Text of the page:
In 1597, the Admiralty of the Dutch Republic set up its base in Dokkum. Its task was to equip and man seagoing vessels to defend the Dutch Republic. In 1607, Captain Theunis Wolterz was ordered to join the Dutch fleet as the commander of De Friesche Pinas, the flagship of the Dokkum Admiralty. Theunis and his crew sailed to Spain and took part in the naval Battle of Gibraltar.
The Dutch fleet secured a great victory. Theunis and his crew were very successful and returned with a Spanish ship as booty! Back in Dokkum, Captain Theunis was rewarded with a new commission and 50 Carolus guilders.
Several years later, in 1618, the Admiralty moved to new premises on Diepswal, now the home of the Dokkum museum and a Tourist Information Point. Although only a small part of the building is original, it continues to serve as a reminder of a prosperous period in the town’s history. The Admiralty brought employment, industry and acclaim.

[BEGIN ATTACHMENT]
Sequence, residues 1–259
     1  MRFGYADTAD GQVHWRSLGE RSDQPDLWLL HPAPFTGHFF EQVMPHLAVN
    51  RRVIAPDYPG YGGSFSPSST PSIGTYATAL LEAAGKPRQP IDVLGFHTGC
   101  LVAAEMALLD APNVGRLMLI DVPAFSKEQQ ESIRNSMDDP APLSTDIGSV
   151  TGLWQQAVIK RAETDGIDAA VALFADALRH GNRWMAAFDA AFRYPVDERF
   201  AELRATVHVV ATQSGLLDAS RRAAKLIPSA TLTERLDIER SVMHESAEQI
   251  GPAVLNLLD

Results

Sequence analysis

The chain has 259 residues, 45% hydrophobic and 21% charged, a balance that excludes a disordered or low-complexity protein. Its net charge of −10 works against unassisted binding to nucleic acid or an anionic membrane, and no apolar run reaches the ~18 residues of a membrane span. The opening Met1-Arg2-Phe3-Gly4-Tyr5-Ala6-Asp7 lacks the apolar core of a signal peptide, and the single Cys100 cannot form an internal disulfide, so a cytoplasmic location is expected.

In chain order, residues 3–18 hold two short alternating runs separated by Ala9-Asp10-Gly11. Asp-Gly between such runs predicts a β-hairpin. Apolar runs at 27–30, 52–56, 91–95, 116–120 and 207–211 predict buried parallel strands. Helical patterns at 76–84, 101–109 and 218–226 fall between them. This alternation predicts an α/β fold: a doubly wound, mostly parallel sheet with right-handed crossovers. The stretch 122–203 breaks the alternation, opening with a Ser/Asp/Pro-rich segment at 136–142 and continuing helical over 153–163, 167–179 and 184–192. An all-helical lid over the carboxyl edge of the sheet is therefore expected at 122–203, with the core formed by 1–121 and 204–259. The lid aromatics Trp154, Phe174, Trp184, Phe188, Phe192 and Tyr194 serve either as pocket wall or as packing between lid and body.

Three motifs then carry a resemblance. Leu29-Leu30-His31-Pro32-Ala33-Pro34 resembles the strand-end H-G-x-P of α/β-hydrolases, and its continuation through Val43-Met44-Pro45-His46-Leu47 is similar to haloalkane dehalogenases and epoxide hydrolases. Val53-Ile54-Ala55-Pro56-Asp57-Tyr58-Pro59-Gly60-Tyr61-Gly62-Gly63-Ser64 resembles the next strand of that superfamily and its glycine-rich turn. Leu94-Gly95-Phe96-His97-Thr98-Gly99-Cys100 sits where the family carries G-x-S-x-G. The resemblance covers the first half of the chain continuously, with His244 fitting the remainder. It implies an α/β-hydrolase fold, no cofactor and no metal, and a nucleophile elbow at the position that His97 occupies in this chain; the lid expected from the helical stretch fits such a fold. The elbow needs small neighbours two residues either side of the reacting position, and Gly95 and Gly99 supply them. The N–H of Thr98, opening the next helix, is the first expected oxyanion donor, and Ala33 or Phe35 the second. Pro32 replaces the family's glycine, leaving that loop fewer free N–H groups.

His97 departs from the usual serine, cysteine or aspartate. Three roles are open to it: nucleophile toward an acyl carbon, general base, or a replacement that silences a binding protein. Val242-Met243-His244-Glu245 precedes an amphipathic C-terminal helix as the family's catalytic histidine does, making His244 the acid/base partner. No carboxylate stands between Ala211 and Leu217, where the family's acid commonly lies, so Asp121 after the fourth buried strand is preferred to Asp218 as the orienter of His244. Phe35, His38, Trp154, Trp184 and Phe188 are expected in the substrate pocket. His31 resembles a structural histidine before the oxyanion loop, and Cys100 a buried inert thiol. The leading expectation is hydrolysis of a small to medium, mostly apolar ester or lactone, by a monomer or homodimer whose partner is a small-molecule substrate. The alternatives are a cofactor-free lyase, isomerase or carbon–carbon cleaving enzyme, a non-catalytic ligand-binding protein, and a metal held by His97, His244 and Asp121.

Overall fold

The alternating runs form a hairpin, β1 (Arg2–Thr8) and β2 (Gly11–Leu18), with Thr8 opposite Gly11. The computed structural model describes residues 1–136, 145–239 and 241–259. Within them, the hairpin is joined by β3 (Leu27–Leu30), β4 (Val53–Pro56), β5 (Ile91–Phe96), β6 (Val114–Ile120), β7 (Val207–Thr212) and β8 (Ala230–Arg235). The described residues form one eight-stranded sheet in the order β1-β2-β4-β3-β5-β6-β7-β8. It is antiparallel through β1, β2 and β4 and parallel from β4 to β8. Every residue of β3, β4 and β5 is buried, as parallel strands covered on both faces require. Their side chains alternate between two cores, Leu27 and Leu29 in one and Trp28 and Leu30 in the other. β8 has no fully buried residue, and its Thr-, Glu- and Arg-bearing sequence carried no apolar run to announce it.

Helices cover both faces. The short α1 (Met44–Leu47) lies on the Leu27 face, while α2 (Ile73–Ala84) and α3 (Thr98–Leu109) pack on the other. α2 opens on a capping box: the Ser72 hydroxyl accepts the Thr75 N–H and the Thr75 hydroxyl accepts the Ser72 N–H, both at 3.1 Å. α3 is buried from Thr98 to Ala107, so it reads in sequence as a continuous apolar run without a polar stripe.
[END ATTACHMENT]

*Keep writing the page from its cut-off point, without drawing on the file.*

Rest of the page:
But the triumph was short-lived. The town’s connection to the sea silted up. Dokkum lost its all-important access to the sea and in 1645 the Admiralty relocated to Harlingen. Naval officers such as Captain Theunis left with the Admiralty or found themselves unemployed. It was the start of a new era in which the town was referred to as ‘Poor Dokkum’.